The aim of this project is to explore the viability of a Carbon Accumulator Tool that will measure the CO2e (carbon dioxide equivalent) that is saved and stored on farm. These businesses can then demonstrate the contribution they make to climate change mitigation and benchmark their own activities.

Four activities were chosen to represent the key areas in which Scottish Agriculture participates in:

  • Woodland
  • Soils
  • Livestock
  • Energy

These activity areas are in keeping with the Scottish Government’s climate change and agriculture aims and were judged as having the potential to be measured in a way that would provide consistently collated and compared data i.e. all come to specific CO2e tonnage figure.

“The Scottish Government is committed to a reduction of 80% in Greenhouse gas emissions by 2050. Farming has a big positive role to play, managing carbon sinks in the form of soil, crops and timber. Farming is very much a part of the climate change solution.

(Environment and Agriculture – Climate Change, Scottish Government 2017)

The key activity areas are also aligned with the main sources of emissions in farming which are identified as the following:

  1. Enteric fermentation: Ruminant livestock produce methane through their digestion.
  2. Soils: Nitrous oxide and carbon dioxide are released as a result of activities such as ploughing.
  3. Manure/slurry: Livestock waste also emits methane.
  4. Fertiliser: Nitrous oxide that is not taken up by plants can cause emissions.
  5. Fuel/Energy: Use of machinery, vehicles, and so on.

During the scoping of this project, it was agreed that pilot farms would be required to demonstrate the variety of farming activities in Scotland. This would allow knowledge and understanding to be gained and carbon calculations for each specific farming practice to be tested. A minimum of three farmers per activity was required to enable comparisons and verifications. It was also decided to ensure that one activity (soil) would be compared across all nine Pilot Farms. A further farm would crosscut all four activities (Pilot Farm 5).

Table of Activities per pilot farmer:

Pilot Farm Pilot Farmer Woodland Soils Energy Livestock
1 Duncan McEwan X X
2 Andrew Elliot X X
3 David Aglen X X X
4 Robin Young X X
5 Stephen Mackenzie X X X X
6 Neil McAlister Hall X X
7 Angus McFadyen X X
8 Kate Rowell X X
9 Laurel Foreman X

CALCULATIONS

The project gathered data to reflect farming activities from 1st January 2016 – 31st December 2016. With the exception of soil, this enabled comparisons across a 12 month period. Soil was judged to be a stable asset which did not vary significantly over that time.

WOODLAND

Woodland is an activity which already has an established measurement practice. Scottish Farm Carbon was chosen as the partner to assist in this activity as it has systems in place which conform to ISO 14064-02. This specifies a wide range of principles and requirements to deliver high quality data that is independently verifiable.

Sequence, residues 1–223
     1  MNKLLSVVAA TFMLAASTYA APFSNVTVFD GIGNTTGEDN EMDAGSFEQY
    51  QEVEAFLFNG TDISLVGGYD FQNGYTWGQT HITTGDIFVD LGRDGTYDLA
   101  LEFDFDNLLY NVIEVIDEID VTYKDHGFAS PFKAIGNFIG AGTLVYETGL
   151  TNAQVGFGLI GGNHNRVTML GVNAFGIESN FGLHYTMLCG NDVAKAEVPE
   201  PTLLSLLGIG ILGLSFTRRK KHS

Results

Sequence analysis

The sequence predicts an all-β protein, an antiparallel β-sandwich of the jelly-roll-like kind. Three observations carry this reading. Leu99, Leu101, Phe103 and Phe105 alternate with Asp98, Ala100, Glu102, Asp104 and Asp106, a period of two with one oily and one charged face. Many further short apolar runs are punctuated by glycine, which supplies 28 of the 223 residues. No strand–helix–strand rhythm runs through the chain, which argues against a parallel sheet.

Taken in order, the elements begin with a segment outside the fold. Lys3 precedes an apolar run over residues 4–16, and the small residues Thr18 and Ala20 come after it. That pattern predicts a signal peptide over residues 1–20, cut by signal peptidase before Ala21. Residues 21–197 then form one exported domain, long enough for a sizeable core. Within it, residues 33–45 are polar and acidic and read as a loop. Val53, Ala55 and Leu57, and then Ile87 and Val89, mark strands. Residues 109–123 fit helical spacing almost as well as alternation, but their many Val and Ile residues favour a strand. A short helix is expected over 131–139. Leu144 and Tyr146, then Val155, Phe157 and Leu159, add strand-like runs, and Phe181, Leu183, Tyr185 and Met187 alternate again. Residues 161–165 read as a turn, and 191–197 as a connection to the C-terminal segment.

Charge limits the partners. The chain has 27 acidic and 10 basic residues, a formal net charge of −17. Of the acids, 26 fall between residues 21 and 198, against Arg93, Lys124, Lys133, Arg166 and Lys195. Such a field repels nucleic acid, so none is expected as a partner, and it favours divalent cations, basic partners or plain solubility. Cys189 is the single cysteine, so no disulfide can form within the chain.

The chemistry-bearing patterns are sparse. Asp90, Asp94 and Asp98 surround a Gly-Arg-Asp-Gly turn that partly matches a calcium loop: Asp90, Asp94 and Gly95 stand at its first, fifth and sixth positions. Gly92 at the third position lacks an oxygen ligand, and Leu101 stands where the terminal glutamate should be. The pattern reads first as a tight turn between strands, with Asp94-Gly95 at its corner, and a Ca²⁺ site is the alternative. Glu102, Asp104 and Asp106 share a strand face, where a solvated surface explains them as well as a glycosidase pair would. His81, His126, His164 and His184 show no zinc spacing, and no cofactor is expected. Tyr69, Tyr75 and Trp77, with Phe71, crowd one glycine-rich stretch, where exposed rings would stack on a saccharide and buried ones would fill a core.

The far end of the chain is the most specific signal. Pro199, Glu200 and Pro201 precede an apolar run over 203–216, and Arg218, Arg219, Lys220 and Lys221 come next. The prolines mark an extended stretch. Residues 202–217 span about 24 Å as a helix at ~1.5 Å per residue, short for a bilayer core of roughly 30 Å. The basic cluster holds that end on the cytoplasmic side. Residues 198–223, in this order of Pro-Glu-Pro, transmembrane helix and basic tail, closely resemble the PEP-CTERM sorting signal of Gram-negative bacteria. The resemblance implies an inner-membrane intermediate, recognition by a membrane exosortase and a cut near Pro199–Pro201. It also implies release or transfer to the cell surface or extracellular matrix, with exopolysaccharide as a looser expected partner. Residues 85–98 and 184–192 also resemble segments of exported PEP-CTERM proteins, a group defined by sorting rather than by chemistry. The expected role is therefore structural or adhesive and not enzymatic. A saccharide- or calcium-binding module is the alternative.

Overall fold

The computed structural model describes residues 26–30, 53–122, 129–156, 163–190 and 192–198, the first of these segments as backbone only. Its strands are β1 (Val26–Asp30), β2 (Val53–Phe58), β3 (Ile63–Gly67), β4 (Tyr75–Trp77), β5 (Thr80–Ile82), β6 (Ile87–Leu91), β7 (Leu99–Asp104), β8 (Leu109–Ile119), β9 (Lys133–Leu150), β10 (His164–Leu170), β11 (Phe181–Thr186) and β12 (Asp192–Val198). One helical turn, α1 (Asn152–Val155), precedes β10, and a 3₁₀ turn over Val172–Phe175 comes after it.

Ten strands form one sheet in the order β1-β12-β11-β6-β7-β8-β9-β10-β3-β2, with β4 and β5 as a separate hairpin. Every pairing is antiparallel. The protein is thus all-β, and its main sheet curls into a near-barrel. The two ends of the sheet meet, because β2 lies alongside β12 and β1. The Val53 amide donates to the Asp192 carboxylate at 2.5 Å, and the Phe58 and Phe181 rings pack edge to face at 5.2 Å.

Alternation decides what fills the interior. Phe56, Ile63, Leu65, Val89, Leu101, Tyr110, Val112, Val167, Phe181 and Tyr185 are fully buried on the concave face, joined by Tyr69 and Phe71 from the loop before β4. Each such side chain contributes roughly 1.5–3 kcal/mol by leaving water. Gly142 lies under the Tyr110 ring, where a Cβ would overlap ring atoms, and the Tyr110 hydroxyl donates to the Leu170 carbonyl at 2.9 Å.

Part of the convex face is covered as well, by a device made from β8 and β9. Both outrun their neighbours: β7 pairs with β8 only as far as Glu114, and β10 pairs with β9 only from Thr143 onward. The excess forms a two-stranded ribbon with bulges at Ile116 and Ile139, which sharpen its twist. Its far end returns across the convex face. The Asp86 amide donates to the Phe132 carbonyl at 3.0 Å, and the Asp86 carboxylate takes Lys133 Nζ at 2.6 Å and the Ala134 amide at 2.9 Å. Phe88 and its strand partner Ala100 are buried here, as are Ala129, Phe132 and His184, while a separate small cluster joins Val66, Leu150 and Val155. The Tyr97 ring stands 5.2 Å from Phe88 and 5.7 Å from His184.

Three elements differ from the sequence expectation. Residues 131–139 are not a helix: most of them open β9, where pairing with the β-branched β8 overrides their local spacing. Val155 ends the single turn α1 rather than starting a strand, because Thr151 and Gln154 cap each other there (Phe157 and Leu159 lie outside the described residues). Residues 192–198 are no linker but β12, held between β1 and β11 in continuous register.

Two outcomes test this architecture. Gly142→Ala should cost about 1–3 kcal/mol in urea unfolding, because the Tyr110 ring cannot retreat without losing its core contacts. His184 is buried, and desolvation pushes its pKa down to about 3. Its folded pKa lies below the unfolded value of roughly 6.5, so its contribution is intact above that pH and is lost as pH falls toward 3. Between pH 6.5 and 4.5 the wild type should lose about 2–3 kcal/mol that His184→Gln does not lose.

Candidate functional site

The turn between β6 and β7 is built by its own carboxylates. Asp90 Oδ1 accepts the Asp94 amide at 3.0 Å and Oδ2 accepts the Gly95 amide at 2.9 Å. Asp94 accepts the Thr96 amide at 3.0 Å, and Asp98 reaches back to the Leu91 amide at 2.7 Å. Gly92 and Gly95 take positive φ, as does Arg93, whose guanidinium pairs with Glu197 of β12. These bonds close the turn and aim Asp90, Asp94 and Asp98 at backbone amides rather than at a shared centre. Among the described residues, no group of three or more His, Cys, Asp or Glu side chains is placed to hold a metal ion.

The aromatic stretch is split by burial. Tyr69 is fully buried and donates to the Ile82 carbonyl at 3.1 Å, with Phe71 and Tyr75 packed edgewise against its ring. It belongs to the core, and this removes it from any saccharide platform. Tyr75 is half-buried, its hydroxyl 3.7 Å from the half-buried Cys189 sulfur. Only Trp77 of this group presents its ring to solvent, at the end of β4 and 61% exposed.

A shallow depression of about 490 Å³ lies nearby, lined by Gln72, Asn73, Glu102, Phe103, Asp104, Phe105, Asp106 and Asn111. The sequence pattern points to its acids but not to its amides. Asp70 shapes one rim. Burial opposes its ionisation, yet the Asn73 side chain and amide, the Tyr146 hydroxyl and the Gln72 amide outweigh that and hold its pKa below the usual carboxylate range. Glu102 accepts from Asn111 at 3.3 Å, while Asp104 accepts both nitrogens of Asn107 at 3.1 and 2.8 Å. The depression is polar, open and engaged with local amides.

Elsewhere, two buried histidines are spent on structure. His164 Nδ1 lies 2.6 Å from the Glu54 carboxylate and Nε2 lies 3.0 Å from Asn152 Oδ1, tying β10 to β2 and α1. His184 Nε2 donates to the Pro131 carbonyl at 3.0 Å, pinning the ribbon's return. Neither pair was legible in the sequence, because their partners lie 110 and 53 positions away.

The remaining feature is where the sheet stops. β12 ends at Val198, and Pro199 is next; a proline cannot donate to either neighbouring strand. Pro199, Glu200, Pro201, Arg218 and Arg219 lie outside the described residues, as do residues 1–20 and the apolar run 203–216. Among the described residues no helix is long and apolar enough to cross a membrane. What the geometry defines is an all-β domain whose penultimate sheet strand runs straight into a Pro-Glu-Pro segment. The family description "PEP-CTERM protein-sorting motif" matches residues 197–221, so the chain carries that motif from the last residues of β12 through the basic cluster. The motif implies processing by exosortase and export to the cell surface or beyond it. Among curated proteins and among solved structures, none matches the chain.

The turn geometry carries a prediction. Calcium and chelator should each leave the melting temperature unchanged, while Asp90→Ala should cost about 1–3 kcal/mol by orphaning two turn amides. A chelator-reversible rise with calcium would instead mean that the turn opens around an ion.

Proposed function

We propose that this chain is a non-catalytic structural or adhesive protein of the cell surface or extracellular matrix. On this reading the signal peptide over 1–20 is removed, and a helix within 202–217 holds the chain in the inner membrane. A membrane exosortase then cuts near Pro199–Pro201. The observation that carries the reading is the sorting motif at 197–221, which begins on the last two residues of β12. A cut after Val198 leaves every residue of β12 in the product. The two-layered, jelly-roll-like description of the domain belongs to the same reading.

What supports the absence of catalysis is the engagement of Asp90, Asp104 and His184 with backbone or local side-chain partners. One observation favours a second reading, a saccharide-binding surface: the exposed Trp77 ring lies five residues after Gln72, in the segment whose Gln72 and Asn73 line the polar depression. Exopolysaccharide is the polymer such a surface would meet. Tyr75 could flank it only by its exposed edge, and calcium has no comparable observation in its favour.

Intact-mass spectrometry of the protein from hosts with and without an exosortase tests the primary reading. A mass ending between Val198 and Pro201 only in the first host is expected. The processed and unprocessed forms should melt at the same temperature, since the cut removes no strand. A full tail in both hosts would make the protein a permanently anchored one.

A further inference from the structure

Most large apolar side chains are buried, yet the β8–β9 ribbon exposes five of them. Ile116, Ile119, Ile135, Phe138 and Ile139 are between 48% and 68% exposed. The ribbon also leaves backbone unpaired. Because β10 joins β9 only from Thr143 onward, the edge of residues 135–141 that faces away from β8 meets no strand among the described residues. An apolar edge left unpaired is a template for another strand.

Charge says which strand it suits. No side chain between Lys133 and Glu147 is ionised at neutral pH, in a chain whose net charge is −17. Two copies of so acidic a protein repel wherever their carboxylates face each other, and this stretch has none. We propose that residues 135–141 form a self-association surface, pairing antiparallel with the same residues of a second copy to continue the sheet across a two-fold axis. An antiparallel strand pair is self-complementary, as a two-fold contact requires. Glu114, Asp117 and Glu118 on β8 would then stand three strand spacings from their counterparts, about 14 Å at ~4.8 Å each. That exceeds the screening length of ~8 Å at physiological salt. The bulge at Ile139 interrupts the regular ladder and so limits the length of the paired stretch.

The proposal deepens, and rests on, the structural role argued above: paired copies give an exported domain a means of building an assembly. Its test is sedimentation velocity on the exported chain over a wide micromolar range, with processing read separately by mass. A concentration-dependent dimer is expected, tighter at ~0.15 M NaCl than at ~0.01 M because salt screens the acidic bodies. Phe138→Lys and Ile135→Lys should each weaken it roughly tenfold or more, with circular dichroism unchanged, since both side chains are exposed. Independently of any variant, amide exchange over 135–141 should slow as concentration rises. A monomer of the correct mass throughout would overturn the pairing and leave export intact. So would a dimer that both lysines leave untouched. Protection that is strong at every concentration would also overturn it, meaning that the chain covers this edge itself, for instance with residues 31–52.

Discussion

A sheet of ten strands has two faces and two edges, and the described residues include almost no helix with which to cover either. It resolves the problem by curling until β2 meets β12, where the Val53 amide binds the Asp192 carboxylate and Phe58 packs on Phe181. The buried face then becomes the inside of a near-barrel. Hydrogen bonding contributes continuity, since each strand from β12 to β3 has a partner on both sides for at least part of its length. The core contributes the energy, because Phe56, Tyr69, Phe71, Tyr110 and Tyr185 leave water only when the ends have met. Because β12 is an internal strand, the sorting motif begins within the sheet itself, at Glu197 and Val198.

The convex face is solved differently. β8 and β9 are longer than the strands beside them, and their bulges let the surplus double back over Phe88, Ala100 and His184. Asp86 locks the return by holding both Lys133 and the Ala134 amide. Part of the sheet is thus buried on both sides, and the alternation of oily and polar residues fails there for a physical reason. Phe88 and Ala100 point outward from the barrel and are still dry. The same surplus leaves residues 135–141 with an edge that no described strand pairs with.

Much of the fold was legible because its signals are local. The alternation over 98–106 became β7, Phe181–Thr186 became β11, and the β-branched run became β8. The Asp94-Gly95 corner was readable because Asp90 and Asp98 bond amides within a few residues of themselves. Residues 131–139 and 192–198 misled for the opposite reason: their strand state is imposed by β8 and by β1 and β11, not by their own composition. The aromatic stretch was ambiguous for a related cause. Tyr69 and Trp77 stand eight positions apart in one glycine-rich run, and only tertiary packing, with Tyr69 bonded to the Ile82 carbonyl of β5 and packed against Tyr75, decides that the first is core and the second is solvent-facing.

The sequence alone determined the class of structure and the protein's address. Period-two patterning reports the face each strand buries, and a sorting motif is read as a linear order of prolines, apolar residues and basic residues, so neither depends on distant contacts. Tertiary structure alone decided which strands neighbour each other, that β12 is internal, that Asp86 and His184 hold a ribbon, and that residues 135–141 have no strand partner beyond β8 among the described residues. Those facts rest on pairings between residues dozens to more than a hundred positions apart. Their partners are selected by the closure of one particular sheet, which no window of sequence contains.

Every Kw (kilowatt) of energy produced through a renewable source provides a CO2e saving over conventional (traditional) energy generation. Commonly used methods of on farm generation include; biomass, hydro schemes and wind turbines.

To measure the amount of energy saved through renewable sources, quarterly and annual statements were collected. The total Kw's produced were applied as a saving against the farm. The 1Green Book supplementary guidance: ‘valuation of energy use and greenhouse gas emissions for appraisal’, was consulted to provide the emission factors for electricity in 2016 (0.324kwh).

Livestock is a challenging area to measure but an indicator was chosen to provide a gauge of efficiency. The indicator selected was the calving percentage of a beef herd.

To calculate the carbon impact two KPI’s were used. Firstly, an average 600kg cow was estimated as producing approximately 2.8132 tonnes of CO2e per annum (this was calculated using the AgRE Calc tool – a Scottish Rural University College online free resource). Secondly, the average calving percent of a Scottish herd was calculated as 381 percent using live ScotEID (https://www.scoteid.com/) data.

Feedback was then collated from participating farms on the number of breeding cows and heifers put to the bull in 2015. Actual calving numbers were gathered from ScotEID on the numbers born against individual CPH (Country Parish Holding) numbers. This allowed the number of calves above or below average for each pilot farm to be calculated and a ‘saved’ or ‘wasted’ tonnes of CO2e figure efficiency applied.

Soil is the only activity which was measured across all nine pilot farms.  It makes up the vast majority of the CO2e tonnes savings captured in the Accumulator for this project.

Soil samples were taken from a representative sample of fields on each pilot farm (guided by the pilot farmers) and delivered to SAC (Scottish Agricultural College) consulting for analysis and reporting. Each sample was tested for bulk density and organic matter. This allowed a calculation to identify the tonnes of carbon per hectare to be carried out: g C/kg soil x kg soil/ha = t C/ha

IACS (Integrated Administration Control System) maps for each farm were used to plot where the results should be applied. The area of each field was then used to calculate a total carbon value for each field and for the overall farm.














1 First published by the Department for Business, Energy & Industrial Strategy 15th October 2012.

2 This was based on 10 cows which aren't producing any offspring and had minimum base inputs of 1 tonne of purchased barley, 100kgs of minerals, straw for bedding and feed, as well as grass for hay plus 30O litres of red diesel and 500 units of electricity.

3 This figure was calculated by dividing the number of calves (under the age of 12 months) by the number of female cattle aged between 3-4 years old and any other animal which has had a calf.